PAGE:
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December 29, 2017

Lt. Max Brabson’s Report on the Rillo Neri Unit

The Rillo-Neri Unit was a guerrilla organization that was allegedly formed in the town of Balayan, and again allegedly by the authority coming from Col. Hugh Straughn, founder of the Fil-American Irregular Troops. It was supposed to have conducted intelligence work, kept peace and order and helped in the evacuation of the citizens of Balayan, Lemery and Tuy. Its combat team was also said to have participated in combat during the liberation of Batangas. While this guerrilla group failed to obtain full recognition from the United States Army, 130 of its members were recognized as a combat team and another 400 gained recognition with another guerrilla outfit, the Blue Eagle Brigade. In this document1, Lt. Max Brabson of the United States Army filed his investigative report on the guerrilla unit after its application for official recognition.

[p. 1]

REPORT ON “RILLO NERI UNIT”

In accordance with verbal instructions from Chief of Section, Guerrilla Affairs, G-3, AFWESPAC, Lieutenant Max L. Brabson proceeded to Balayan, Batangas on 24 June to contact the Rillo Neri Unit, in order to determine whether or not this organization should be recognized by the United States Army. The following report is a summary of the investigation and basis for the recommendation.

ALLEGED HISTORY

The Rillo Neri Unit was organized on 2 June 1942 by Salvador B. Rillo of Balayan, Batangas. The unit consisted of three battalions totaling 3,090 members. The Regiment was formed by authority of Col Hugh S. Straughn. Approximately 530 members have previously been recognized.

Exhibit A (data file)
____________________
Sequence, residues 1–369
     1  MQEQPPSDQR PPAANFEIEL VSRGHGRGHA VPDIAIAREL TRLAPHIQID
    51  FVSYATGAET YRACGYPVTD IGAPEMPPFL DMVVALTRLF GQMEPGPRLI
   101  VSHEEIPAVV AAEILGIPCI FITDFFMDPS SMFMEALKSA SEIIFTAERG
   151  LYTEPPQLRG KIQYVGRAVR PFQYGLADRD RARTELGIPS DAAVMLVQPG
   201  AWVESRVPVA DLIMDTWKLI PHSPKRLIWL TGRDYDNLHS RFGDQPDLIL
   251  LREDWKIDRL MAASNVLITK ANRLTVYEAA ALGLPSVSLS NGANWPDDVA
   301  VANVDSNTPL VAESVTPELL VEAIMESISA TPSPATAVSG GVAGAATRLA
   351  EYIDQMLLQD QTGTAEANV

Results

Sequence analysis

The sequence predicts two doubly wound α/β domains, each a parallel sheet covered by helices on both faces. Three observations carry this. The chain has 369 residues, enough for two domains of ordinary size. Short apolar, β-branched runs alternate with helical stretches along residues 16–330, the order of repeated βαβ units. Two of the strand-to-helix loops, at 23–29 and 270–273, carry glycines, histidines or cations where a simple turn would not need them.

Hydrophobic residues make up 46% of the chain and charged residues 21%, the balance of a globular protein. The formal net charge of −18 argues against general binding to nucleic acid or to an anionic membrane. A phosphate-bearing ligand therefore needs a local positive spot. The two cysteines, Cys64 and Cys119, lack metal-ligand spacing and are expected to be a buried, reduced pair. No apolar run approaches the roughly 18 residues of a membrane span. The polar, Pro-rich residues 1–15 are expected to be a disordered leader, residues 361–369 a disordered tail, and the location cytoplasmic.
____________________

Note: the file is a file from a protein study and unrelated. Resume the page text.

Before the landing of the American forces, the Rillo Neri Unit was engaged in intelligence work, training of officers and enlisted men, keeping peace and order and keeping several American soldiers who escaped from Corregidor and Bataan. Also, the shuttle of American flyers shot down in Central Luzon to Mindoro was a responsibility of this unit. It was further responsible for the evacuation of civilians from the towns of Balayan, Lemery and Tuy, Batangas. The combat company of the Rillo Neri Unit did patrol work and guard duty under a Lt. McDonald who was with the 158th RCT of the 11th Airborne Division. The unit had approximately 175 weapons in 1944 including over 100 paltiks (homemade, single shot weapons) while the unit strength was 3,090.

The following named persons were those interviewed by the Contact Team and their statements are the basis for the findings:

Commdr George F Rowe – SWPA Advance Party, Mindoro
Col. Quintin Gellidon – 11th AB Staff Off Guerr Sec
Rafael Ilagan – Lt Col Bn Commander
Salvador Rillo – Unit Commander
Diosdado Shellor Capt – CO Co C